When you need to quickly calculate, summarize, and analyze data, Microsoft Excel has the perfect tool. Let’s walk through the Pivot Table Basics including setting up a data set, inserting the Pivot Table, and working with the numbers.
What is a Pivot Table?
A Pivot Table is a powerful tool to calculate, summarize, and analyze data that lets you see comparisons, patterns, and trends in your data. This feature is included with all versions of Microsoft Excel available today.
The great thing about Pivot Tables is that they are really user-friendly. Microsoft Excel will automatically generate the table and analyzing data is as easy as drag and drop. Within the table, you can filter data, run equations, and change the layout without having to rebuild the data set.
Think about Pivot Tables as a way to navigate a data set without having to manually adjust the layout or the values.
Setting Up the Data
Pivot Tables can be set up using any data set, as long as the data set has some type of row or column headers. It also helps if the data set has been cleaned up (consistent naming or master data), but you can often use a Pivot Table to see where your data is falling short.
For our Pivot Table, we have a data set showing monthly sales volume. The data is organized by product type, region, and month. Overall it is a clean data set with consistent naming in each category. There are also clear column headers that Microsoft Excel will be able to pull into the Pivot Table.
Inserting the Pivot Table
Pivot Tables can be found on the left-most section of the Insert tab on the ribbon. To insert a Pivot Table, first highlight the data range that you want to be included. Then, click on Pivot Table as shown in the following image.
Next, the “Create Pivot Table” box will appear. First, confirm the range for data set you want to use is correct. Then, select if you want the Pivot Table to generate on the current tab or on a new tab. I recommend selecting a new tab to keep your Excel workbook organized.
Once you have confirmed the settings, hit “OK” and the Pivot Table will generate. Two additional tabs will be added to the riboon. “Pivot Table Analyze” will allow you to work with the data. “Design will allow you
Pivoting Rows and Columns
The power of Pivot Tables is the ability to quickly change views, pivoting categories between columns, rows, and values. The column or row headers from the data set will populate in the top section. You can select and drag these into columns, rows, or values. Columns will become the column header, rows the row header, and values will be the data. Within columns and rows, you can stack headers to have multiple categories and subcategories. Within values, you can run equations to sum, divide, multiply, etc.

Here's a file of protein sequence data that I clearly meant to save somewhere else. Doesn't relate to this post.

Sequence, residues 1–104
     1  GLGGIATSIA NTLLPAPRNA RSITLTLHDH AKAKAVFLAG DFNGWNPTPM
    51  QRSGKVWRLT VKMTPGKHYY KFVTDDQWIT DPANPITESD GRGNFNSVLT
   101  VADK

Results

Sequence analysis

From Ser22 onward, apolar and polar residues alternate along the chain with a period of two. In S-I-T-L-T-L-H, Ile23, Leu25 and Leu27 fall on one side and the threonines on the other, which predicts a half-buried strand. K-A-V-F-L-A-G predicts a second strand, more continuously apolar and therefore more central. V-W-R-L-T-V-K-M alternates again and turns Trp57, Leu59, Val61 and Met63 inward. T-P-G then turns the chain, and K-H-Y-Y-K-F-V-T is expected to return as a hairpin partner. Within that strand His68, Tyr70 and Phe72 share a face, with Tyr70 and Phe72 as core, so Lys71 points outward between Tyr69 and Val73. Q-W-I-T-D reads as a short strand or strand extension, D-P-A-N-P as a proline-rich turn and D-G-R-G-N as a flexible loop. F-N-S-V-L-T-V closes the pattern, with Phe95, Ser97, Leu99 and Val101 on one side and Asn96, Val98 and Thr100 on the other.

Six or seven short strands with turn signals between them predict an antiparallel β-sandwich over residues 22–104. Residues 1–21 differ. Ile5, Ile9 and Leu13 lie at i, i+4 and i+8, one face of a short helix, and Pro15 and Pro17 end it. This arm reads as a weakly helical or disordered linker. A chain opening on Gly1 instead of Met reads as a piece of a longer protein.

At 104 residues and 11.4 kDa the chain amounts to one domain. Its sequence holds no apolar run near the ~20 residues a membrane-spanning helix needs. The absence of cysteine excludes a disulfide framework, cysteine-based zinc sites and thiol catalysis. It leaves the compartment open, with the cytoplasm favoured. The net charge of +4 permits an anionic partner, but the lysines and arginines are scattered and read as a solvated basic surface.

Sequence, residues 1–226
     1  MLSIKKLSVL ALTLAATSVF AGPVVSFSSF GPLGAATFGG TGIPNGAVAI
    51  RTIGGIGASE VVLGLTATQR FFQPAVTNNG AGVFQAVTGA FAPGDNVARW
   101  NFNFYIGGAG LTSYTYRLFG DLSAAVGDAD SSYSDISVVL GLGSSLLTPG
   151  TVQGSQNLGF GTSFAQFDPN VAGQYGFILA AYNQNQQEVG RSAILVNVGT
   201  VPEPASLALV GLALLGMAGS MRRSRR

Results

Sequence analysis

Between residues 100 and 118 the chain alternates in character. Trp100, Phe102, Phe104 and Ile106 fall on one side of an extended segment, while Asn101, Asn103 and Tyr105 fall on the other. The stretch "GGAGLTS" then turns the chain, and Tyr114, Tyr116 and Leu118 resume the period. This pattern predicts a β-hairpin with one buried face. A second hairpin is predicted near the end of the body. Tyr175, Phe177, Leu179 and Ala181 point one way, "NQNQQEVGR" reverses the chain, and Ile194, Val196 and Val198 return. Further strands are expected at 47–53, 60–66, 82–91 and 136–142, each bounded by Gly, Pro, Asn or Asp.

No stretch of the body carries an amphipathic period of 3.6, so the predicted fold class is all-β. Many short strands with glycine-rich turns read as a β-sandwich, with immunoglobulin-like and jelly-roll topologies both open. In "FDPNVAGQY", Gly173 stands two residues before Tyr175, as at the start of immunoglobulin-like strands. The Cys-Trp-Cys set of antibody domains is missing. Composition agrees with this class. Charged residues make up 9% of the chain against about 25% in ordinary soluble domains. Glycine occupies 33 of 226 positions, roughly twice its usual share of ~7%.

Columns will become the column header, rows the row header, and values will be the data. Within columns and rows, you can stack headers to have multiple categories and subcategories. Within values, you can run equations to sum, divide, multiply, etc.
For this example, we want to set up months as the column headers and then look at sales by region, by product. Here is how we would set that up:
Now, let’s say we want to focus on the performance of each region. Drag region from rows to columns and drag months from columns to row below product. The Pivot Table will update automatically with your new analysis. From here, you can format the table just like any other sheet in Microsoft Excel.
Another benefit of Pivot Tables is the ability to filter data within the table versus filtering the data set. This functionality is available by dragging any category into the filters box. Once the category is in the filter box, a drop-down will generate in the top left corner. You can use this to include or exclude values.
For this example, we will filter on products by dragging the product category to filers. Then we will select the drop-down in the top left and uncheck nails. Now, the sum only includes bolts, screws, and washers.
Have any questions on pivot table basics? Are there other topics you would like us to cover? Leave a comment below and let us know! Make sure to subscribe to our Newsletter to receive exclusive financial news right to your inbox.